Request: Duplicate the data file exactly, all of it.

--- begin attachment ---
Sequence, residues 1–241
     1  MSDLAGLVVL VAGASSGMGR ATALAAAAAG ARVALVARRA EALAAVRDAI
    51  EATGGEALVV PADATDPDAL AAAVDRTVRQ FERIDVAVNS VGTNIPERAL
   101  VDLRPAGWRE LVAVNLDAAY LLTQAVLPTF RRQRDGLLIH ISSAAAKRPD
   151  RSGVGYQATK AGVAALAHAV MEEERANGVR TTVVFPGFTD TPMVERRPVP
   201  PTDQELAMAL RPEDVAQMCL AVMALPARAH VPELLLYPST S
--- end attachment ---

Sequence, residues 1–241
     1  MSDLAGLVVL VAGASSGMGR ATALAAAAAG ARVALVARRA EALAAVRDAI
    51  EATGGEALVV PADATDPDAL AAAVDRTVRQ FERIDVAVNS VGTNIPERAL
   101  VDLRPAGWRE LVAVNLDAAY LLTQAVLPTF RRQRDGLLIH ISSAAAKRPD
   151  RSGVGYQATK AGVAALAHAV MEEERANGVR TTVVFPGFTD TPMVERRPVP
   201  PTDQELAMAL RPEDVAQMCL AVMALPARAH VPELLLYPST S